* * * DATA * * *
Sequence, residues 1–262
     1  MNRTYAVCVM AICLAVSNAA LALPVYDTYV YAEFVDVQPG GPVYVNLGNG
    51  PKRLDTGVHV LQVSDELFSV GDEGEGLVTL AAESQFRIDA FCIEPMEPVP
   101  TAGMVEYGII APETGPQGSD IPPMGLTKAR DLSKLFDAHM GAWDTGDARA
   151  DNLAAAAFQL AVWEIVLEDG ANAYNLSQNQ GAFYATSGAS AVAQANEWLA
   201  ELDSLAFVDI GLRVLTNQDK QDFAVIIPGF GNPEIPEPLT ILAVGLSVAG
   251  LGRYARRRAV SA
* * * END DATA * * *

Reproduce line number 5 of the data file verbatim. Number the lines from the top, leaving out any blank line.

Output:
   151  DNLAAAAFQL AVWEIVLEDG ANAYNLSQNQ GAFYATSGAS AVAQANEWLA